Researchers Propose an Effective Method for Detecting Concurrency Memory Corruption Vulnerabilities


Memory corruption vulnerabilities can occur in multithreaded executions, known as concurrency vulnerabilities. They are extremely harmful and can be frequently exploited to launch severe attacks. Unfortunately, it’s very difficult to detect them due to non-determination multithreaded executions,


One straightforward detection approach would be to explore all possible thread interleaving (e.g., model checking approaches); however, the executions of multithreaded programs suffer from interleaving space explosion problem. Some researchers tried to apply data race detectors to detect concurrency vulnerabilities, which is actually ineffective due to the difference between data race and concurrency vulnerabilities. Recent techniques based via constraints soling tends to miss concurrency vulnerabilities in practice.


Recently, a research team led by Prof. CAI Yan from the State Key Laboratory of Computer Science, Institute of Software of the Chinese Academy of Sciences (ISCAS), presented a novel detection method. This method focused on three kinds of concurrency vulnerabilities involving memory corruptions (i.e., UAF: Use-After-Free, NPD: Null-Pointer-Dereference and DF: Double Free), which are mostly considered to be caused by orders. For example, Figure 1 shows two threads: a thread t1 dereference a pointer via p->test(), and a second thread t2 frees the same pointer free(p). A concurrency UAF can occur if thread t2 executes free(p) before thread t1.


The insight is that, the key to detect concurrency vulnerabilities is to determine whether two or more out of a set of memory operation events in a given execution are exchangeable. Based on this, a new concept of Exchangeable Events is proposed to determine whether the orders of two events can be probably reversed. Given two ordered events, if there exists a third events (eany in Figure 2) that satisfied a set of relationship (see Figure 2) with the given two events (e1 and e2), there will be a high probability for the two events to be exchangeable events. Intuitively, if their distance between the two given events is smaller, there will be a higher probability to reverse the execution order of the two events. The team thus proposed an evaluation on the distance based on a third event, as shown in Figure 2. Exchangeable events are defined across synchronizations; hence, they have larger coverage. The research team further designed three algorithms to detect these three kinds of concurrency vulnerabilities from correct executions based on exchangeable events.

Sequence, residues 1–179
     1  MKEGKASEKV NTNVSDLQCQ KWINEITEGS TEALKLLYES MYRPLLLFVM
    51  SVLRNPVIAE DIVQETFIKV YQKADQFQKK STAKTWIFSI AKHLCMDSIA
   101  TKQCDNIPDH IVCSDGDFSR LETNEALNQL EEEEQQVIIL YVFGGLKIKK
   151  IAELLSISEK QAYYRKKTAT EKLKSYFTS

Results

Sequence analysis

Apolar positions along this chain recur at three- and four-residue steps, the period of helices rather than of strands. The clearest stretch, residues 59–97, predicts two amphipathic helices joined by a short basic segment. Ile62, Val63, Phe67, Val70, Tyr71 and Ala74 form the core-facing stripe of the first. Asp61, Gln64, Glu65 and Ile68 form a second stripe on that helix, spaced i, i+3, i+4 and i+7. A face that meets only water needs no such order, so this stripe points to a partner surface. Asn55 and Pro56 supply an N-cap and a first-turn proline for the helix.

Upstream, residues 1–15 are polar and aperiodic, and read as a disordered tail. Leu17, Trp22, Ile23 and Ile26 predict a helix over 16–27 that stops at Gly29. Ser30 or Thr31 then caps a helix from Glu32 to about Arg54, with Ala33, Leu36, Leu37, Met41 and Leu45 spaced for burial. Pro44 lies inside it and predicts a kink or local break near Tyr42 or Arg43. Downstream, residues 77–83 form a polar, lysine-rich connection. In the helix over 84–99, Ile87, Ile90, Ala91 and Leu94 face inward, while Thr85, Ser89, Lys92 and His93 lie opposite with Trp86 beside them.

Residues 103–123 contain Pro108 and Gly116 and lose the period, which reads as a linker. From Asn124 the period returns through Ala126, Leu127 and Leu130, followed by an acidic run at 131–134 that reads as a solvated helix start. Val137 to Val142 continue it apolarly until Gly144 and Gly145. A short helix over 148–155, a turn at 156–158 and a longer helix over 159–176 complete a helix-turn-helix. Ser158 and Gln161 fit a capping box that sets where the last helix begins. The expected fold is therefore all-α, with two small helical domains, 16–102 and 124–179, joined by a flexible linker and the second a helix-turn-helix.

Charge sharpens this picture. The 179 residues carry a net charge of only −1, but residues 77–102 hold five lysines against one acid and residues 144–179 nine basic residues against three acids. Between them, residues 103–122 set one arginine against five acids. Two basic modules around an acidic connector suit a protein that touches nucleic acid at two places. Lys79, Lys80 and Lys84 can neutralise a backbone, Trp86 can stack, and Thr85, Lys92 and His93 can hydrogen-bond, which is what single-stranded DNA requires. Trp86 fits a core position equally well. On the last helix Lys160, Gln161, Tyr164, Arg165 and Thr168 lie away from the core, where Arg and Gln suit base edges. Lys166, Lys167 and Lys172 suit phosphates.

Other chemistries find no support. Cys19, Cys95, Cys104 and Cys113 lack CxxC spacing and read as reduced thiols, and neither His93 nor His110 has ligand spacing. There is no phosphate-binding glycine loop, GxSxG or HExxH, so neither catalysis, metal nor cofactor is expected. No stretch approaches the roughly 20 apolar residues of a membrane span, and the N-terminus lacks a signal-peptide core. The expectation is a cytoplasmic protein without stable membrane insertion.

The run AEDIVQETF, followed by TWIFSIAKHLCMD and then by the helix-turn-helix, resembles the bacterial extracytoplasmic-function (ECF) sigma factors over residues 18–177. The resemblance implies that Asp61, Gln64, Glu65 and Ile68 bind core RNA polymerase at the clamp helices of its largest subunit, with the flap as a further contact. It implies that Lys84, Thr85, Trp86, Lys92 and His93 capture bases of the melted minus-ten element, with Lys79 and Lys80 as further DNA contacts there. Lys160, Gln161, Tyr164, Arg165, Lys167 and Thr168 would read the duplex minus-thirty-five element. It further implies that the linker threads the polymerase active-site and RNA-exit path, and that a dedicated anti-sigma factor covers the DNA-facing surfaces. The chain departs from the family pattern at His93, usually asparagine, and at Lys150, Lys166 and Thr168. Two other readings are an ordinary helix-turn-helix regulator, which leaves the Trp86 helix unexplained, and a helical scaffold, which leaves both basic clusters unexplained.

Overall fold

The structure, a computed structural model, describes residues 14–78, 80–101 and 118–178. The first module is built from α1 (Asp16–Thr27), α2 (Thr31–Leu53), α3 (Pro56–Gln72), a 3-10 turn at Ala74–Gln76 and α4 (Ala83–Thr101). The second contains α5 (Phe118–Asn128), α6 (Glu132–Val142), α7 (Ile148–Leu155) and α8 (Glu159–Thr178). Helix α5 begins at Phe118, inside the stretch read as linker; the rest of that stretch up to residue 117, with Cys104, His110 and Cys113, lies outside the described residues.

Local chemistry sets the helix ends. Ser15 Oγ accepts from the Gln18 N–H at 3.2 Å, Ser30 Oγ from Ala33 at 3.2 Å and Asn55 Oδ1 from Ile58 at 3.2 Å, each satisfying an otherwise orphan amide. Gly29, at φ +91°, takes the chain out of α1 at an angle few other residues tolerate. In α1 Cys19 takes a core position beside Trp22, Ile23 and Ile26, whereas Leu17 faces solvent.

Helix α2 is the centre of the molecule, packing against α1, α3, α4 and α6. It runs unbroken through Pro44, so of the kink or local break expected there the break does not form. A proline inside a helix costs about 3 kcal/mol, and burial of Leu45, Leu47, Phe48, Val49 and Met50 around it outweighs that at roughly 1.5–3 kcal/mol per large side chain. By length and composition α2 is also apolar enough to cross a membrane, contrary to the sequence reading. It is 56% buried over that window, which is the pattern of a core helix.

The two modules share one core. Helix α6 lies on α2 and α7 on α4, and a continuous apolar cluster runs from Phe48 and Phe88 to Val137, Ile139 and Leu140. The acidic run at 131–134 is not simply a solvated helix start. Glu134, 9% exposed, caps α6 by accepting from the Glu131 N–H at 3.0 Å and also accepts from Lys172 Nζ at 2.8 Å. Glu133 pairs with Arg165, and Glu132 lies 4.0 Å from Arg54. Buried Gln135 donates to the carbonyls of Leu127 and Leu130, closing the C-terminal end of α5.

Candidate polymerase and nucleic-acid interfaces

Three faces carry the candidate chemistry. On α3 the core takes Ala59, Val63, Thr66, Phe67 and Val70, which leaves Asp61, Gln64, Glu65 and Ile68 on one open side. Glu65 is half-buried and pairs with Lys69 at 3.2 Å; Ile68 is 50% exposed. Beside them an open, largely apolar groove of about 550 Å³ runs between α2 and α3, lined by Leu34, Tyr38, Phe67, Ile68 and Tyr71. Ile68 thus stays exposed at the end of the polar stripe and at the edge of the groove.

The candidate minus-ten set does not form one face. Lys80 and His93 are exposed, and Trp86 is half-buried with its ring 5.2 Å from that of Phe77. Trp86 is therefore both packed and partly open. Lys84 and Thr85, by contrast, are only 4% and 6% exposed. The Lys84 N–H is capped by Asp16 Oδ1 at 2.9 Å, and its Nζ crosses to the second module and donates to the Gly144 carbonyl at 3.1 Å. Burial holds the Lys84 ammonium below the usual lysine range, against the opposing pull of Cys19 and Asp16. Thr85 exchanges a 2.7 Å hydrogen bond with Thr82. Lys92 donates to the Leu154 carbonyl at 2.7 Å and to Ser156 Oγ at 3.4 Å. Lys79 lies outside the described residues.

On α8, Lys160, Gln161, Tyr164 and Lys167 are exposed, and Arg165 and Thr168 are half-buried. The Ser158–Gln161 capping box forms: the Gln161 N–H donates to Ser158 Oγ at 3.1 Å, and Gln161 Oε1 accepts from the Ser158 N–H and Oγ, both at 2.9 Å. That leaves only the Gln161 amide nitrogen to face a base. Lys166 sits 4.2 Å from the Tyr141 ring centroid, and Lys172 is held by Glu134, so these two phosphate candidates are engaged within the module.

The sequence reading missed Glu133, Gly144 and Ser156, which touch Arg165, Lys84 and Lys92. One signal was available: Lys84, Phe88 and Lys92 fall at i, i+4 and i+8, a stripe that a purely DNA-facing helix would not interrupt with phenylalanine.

This method has been evaluated to be significantly effective on detecting concurrency vulnerabilities even in large-scale programs.


The study entitled “Detecting Concurrency Memory Corruption Vulnerabilities” has been published in the 27th ACM Joint European Software Engineering Conference and Symposium on the Foundations of Software Engineering (ESEC/FSE2019). 


Figure 1. A concurrency vulnerability caused by orders

Figure 2. Illustration on exchangeable events